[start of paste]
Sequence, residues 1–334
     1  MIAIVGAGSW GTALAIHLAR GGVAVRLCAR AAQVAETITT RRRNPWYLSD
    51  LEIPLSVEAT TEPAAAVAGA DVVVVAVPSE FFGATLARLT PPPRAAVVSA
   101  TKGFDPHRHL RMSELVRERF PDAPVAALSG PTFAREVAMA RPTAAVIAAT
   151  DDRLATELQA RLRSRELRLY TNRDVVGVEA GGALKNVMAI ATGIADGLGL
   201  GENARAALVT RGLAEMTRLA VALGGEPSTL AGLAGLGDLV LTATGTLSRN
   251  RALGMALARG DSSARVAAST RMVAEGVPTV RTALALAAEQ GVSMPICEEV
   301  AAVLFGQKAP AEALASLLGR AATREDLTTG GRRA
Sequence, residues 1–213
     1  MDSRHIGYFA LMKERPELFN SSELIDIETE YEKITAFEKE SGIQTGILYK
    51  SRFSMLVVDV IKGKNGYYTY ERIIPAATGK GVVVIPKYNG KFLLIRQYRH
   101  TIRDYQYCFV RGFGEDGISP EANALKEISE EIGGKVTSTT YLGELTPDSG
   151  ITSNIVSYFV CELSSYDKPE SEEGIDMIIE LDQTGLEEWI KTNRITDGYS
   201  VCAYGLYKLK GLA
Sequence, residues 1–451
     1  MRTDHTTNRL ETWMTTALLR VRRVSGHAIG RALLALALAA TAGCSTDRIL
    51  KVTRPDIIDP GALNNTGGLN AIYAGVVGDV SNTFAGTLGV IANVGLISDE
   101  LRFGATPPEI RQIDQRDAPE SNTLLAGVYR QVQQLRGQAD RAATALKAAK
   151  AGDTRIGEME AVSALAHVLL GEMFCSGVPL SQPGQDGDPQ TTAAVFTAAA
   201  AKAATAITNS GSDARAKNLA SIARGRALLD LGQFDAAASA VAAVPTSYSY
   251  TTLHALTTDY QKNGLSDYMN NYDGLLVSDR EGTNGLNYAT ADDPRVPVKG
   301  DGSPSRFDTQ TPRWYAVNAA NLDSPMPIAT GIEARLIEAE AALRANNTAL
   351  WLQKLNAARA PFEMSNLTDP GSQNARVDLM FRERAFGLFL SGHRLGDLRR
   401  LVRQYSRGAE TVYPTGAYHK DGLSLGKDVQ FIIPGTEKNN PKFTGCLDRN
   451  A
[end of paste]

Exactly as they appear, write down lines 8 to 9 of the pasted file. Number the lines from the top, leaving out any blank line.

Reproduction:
   301  AAVLFGQKAP AEALASLLGR AATREDLTTG GRRA
Sequence, residues 1–213